Fashion as architecture, and vice versa.
Dec 4, 2006, Vol. 12, No. 12 • By CATESBY LEIGH
The memory of Philip Johnson, who died early last year at age 98, may not linger for very long. But we shouldn't let his centennial year--he was born July 8, 1906--pass without contemplating his significance. Johnson was, after all, the original "starchitect," and perhaps no other 20th-century designer had a bigger impact on the American skyline. His career uniquely encapsulates the succession of stylistic fads that marks the history of American architecture since World War II.
While in his mid-twenties, Johnson was present at the creation of the modernist movement in the United States--not as an architect, but as the founding curator of the Museum of Modern Art's architecture department. After a dalliance with far-right politics by turns comic and sordid, Johnson belatedly took an architecture degree and designed in the high-modernist International Style for a time. But along with Edward Durell Stone of Two Columbus Circle and Kennedy Center fame, Johnson was among the first modernists to adopt the postmodern technique of incorporating loosely interpreted historical elements into his designs.
There were plenty more stylistic twists and turns along the way, including the more literal knockoffs of traditional styles--starting with the famous AT&T Building (now Sony Plaza) in Midtown Manhattan, with its "Chippendale" crest. Deconstructionism was Johnson's last exit off the highway to nowhere, taken when he was an octogenarian. Small wonder he was nicknamed "the chameleon."
During the 1970s Johnson became a celebrity. He won the first Pritzker Prize, modernist architecture's Nobel, in 1979--the year he got the AT&T commission. He had by now mastered the art of branding high-rise buildings not merely as corporate icons but as signature works of "starchitecture." Indeed, Johnson virtually branded himself with the trademark Corbusian-style round eyeglasses he was sporting by the time he took the prize. He was far from a great designer, but he was a clever one, ever alert to changes in the cultural climate. He knew much more architecture history than the vast majority of his modernist peers, and his quick wit made for good copy. In an era when architecture was chronically searching for new moorings, these assets sufficed to propel him into his profession's stratosphere.
Johnson studied philosophy as a Harvard undergraduate, and considered himself a Nietzschean, largely because Friedrich Nietzsche had convinced him that art was a matter of religious significance. And yet he seemed to forget that Nietzsche was no chameleon.
"I've never changed my aesthetic, my ethic, my Nietzschean point of view," he told Preservation magazine a decade before he died. "Change is the essence." In fact, Nietzsche sought a new, enduring foundation for culture that would put an end to the aimless, spiritually corrosive change he associated with egalitarian democracy. Putting architecture on such a foundation was a task for which the opportunistic Johnson was thoroughly ill-suited, and deep down he knew it. That's one reason he didn't take himself too seriously.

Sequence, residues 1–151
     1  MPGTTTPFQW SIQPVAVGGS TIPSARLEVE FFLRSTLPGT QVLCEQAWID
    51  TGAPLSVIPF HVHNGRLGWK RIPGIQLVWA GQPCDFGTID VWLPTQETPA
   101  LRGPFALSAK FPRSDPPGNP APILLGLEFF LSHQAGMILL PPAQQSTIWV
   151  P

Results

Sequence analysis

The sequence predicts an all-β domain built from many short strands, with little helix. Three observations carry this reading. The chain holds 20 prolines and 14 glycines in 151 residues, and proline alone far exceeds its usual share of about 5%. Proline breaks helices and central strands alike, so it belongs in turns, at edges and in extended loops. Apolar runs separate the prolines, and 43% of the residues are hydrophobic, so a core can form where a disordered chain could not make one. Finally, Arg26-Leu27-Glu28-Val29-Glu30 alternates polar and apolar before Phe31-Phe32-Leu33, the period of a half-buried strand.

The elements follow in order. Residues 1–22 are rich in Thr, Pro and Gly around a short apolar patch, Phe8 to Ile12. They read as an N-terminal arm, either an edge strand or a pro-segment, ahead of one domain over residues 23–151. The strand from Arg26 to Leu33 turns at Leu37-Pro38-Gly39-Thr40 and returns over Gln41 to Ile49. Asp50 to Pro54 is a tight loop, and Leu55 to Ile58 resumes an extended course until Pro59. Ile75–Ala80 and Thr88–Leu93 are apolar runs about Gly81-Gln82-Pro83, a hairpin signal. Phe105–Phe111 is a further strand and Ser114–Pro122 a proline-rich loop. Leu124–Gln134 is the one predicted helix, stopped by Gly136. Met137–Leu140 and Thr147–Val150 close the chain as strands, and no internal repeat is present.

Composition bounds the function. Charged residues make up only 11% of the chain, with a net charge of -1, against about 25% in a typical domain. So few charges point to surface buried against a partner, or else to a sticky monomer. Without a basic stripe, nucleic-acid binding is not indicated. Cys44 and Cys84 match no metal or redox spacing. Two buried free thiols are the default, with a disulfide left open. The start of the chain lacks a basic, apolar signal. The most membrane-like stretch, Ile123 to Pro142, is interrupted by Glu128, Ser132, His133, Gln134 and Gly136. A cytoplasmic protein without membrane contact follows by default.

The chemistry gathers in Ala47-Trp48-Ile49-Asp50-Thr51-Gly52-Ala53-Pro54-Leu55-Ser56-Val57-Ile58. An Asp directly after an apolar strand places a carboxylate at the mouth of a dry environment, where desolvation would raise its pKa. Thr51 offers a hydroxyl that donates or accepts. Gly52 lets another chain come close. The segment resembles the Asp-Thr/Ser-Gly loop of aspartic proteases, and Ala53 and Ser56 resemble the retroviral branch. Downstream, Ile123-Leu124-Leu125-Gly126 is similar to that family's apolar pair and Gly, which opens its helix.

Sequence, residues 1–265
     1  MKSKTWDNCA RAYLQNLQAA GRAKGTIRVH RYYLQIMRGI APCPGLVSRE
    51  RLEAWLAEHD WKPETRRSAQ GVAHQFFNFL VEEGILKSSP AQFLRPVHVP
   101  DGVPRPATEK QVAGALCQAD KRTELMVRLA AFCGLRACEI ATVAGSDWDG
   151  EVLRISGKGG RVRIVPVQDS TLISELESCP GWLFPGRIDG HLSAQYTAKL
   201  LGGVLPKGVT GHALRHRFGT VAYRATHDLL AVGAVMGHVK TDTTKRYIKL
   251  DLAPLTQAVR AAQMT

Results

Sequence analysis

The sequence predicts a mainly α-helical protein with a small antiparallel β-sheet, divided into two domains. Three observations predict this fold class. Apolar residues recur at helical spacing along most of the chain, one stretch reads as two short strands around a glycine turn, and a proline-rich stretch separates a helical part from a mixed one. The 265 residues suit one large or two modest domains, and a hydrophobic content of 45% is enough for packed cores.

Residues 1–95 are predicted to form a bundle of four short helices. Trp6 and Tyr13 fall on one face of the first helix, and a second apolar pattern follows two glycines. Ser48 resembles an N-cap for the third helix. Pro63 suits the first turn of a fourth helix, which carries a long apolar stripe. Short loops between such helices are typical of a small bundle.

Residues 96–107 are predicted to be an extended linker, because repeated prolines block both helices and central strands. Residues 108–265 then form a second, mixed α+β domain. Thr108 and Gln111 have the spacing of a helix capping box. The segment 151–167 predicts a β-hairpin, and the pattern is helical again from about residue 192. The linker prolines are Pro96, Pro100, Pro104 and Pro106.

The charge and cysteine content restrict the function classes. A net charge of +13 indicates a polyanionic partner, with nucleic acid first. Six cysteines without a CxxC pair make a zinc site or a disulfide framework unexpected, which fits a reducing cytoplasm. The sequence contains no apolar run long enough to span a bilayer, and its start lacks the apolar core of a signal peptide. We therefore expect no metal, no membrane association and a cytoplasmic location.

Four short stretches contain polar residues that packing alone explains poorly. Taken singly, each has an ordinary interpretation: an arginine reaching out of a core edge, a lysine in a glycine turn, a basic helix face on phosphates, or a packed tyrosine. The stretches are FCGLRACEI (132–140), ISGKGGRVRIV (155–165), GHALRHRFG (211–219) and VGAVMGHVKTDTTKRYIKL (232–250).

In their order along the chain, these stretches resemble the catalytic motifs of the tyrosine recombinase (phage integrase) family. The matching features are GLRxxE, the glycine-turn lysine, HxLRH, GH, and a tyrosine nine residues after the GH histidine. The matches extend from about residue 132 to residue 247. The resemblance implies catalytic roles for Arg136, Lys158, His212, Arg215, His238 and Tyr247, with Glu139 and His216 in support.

As Franz Schulze makes clear in his informative 1994 biography, Philip Johnson: Life and Work, Johnson's star power was reinforced by his status as a cultural arbiter. This he had established in the early 1930s during his MoMA curatorship (which he resumed for some years after World War II). Well after the demise of the modernist pioneers--Mies van der Rohe, Le Corbusier, and Frank Lloyd Wright--he would emerge as the architectural power broker par excellence. He sought out younger architects whose arcane theories defined the "cutting edge." Even while he was busy mining architectural history for motifs that would liven up his skyscrapers, he saw that postmodern pastiche was losing its glitter, so he helped put deconstructionist architecture and a new "avant-garde," whose leading light was Frank Gehry, on the map. He got out the word about the younger architects to watch, invited his favorites to exclusive gatherings at the Manhattan club for cultural movers and shakers (the Century Association) and steered plum commissions their way.
Still, Johnson's architectural practice is what matters most. Critics tend to focus their praise on small buildings: the Glass House, the one-room, Miesian residential box he built on his New Canaan estate in 1949, and the multidomed, expensively appointed pavilion for the display of pre-Columbian artifacts that he completed 14 years later at the Dumbarton Oaks estate in Washington, owned by Harvard. The latter building is the more interesting of the two. It isn't much to look at on the outside, but it boasts a welcoming interior enclosed by glass and stout cylindrical marble posts, with teak floors and bronze detail on the posts and ceilings.